The National Association of Automotive Component and Allied Manufacturers CEO Renai Moothilal said the country’s energy and logistics crises put South Africa at a competitive disadvantage for electric vehicle (EV) manufacturing.
Moothilal’s comments come after Trade Minister Ebrahim Patel presented a government policy paper on electric vehicles that outlines the government’s framework for the shift away from gasoline-powered cars on Monday, 4 December.
According to this policy, South Africa intends to build electric vehicles using some of the $8.8 billion of climate funding provided by some of the world’s richest nations.
Moothilal told Kaya Biz that this policy is a step in the right direction and could help South Africa’s automotive sector compete on the global EV playing field.
However, the country’s ongoing electricity crisis, which has seen the country face almost 7,000 hours of load-shedding in 2023, and its logistics crisis are dampening the sector’s ability to compete globally.
“Just in the last six months, issues around energy supply and logistics have dampened the ability of the sector to both produce domestically and get that product to market, whether it’s here in South Africa or, as you know, in the auto sector, we are an export dominant country,” Moothilal said.
“If you don’t have the strength in ongoing production – the auto sector is a highly globally integrated sector – and without those network industries functioning at an optimal level, we’re always gonna be at a competitiveness disadvantage.”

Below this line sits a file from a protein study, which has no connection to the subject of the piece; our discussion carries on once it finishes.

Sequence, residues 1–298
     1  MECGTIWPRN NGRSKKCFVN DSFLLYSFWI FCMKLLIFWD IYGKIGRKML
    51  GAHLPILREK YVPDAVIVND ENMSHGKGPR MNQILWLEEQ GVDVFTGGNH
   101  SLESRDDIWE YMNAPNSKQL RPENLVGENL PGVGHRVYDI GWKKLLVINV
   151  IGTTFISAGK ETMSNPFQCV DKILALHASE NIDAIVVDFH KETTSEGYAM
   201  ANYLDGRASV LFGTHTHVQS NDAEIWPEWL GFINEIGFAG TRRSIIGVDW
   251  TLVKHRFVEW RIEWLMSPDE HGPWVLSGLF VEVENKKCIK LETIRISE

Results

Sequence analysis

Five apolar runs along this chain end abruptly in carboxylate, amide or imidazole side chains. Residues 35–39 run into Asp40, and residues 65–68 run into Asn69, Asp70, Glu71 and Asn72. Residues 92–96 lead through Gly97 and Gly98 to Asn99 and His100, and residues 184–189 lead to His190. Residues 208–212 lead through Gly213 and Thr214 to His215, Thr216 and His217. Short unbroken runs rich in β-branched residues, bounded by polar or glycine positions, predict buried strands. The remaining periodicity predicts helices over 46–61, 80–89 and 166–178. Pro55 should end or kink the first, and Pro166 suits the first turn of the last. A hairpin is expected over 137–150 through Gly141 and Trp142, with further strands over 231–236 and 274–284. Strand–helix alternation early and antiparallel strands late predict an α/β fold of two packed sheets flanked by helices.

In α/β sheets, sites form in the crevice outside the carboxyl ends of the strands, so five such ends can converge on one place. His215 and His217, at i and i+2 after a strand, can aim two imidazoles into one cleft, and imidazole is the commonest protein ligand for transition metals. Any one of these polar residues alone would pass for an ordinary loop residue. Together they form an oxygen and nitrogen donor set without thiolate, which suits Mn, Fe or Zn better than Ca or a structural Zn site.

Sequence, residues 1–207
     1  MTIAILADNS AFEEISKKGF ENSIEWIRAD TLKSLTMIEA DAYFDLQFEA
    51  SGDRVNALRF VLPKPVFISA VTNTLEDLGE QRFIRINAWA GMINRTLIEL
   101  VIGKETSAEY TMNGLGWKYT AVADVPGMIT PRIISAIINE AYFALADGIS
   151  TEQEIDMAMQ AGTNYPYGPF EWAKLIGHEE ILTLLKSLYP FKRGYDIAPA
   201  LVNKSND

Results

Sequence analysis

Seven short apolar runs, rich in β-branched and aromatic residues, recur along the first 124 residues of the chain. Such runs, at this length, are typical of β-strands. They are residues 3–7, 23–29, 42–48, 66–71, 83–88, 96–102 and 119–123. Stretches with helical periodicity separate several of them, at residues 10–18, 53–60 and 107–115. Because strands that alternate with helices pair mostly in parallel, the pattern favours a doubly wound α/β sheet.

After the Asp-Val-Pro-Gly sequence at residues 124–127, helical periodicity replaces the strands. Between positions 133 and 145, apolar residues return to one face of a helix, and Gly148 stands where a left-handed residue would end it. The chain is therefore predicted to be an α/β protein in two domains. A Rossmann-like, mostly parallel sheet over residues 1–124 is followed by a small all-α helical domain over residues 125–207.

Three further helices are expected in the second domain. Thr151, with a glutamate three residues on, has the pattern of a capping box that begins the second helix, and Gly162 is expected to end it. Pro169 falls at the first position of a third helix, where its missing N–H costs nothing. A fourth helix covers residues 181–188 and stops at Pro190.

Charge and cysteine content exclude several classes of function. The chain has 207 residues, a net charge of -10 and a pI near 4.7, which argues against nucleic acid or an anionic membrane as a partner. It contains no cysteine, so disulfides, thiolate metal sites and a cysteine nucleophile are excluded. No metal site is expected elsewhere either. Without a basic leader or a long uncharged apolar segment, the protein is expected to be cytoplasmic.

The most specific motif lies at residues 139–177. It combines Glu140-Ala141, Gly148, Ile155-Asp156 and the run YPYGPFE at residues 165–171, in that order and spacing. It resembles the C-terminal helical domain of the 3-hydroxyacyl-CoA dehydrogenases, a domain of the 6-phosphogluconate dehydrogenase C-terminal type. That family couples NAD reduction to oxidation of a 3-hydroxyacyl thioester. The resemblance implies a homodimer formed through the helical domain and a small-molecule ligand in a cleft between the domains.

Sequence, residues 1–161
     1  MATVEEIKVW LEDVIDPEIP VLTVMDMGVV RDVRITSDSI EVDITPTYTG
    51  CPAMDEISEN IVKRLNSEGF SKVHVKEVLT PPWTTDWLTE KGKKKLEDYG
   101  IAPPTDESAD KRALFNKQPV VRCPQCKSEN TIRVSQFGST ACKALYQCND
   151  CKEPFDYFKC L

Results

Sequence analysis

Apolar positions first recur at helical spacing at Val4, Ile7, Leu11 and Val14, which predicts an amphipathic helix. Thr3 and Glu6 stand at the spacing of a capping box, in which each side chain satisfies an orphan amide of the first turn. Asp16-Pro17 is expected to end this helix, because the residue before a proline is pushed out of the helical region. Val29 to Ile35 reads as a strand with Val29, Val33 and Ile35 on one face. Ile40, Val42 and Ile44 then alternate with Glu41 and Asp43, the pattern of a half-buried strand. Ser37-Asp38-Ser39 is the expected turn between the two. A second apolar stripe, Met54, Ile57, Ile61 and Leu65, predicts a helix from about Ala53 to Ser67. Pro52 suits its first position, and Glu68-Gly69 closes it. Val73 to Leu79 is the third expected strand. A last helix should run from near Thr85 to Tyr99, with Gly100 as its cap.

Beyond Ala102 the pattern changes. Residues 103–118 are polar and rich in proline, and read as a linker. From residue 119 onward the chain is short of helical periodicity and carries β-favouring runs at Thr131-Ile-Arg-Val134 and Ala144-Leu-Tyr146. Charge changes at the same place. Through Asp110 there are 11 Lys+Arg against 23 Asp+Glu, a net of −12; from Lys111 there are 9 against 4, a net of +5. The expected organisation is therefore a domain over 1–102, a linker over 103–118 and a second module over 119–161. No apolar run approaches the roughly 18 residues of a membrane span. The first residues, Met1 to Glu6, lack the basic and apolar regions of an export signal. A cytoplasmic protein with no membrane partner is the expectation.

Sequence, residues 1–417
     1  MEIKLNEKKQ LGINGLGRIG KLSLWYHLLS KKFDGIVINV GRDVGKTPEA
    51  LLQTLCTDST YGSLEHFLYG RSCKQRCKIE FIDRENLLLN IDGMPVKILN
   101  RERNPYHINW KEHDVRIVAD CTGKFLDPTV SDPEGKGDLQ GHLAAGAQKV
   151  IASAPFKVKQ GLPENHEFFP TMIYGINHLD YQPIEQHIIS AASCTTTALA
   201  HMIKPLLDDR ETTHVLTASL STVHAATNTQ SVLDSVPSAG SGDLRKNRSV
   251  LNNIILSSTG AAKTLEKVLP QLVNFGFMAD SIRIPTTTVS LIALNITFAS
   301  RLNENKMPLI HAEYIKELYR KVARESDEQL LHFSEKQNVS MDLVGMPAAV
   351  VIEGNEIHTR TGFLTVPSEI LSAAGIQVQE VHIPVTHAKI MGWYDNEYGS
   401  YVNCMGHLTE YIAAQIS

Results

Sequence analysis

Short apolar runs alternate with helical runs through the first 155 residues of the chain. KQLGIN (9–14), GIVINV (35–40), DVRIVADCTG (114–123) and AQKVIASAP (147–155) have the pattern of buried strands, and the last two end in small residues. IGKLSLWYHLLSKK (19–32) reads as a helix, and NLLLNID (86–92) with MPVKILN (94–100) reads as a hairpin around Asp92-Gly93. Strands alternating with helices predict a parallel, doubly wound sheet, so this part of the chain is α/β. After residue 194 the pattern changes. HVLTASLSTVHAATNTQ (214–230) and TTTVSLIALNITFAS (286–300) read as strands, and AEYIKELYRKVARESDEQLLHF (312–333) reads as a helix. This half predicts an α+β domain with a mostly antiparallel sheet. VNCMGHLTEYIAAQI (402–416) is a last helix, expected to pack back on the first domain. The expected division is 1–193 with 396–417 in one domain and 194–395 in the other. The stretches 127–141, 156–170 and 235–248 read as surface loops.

Patel acknowledged this issue in his presentation of the policy on Monday.
“We do need to solve the energy and transport logistic issues absolutely urgently,” Patel said.
“The producing side requires transport logistics. When components are stuck in a port, they undermine the ability to cost-effectively produce vehicles. And then, of course, the finished cars should not be sitting in factory warehouses. They’ve got to get to the market.”
Car-making giant Volkswagen recently highlighted the cost of load-shedding in the country’s automotive sector.
Volkswagen Passenger Cars CEO Thomas Schafer said load-shedding, rising labour costs, and Transnet’s problems make South Africa unattractive to continue building its cars.
Schafer’s warning came amidst Volkswagen’s drive to save costs, improve profitability, and remain competitive in its move to electric cars.
Reuters reported that South Africa used to be highly competitive in the global car manufacturing market because of its labour costs.
However, electricity challenges related to Eskom, railway and port problems associated with Transnet, and higher salaries have changed the country’s attractiveness.
Schaefer said that Volkswagen will eventually have to ask why it is building cars in South Africa, especially as it is far from where the vehicles are sold.
“I’m very worried about it. We’re not in the business of charity,” he said. He urged the government to take action to resolve the problems.
A particular concern is that Volkswagen has no plans to start building electric vehicles in South Africa, cutting it out of this lucrative future sector.
The German carmaker plans to launch ten new electric vehicles by 2026 and is investing nearly $200 billion over the next five years to ramp production.
However, because most South African consumers cannot afford an electric vehicle, it is not an attractive location to build these cars.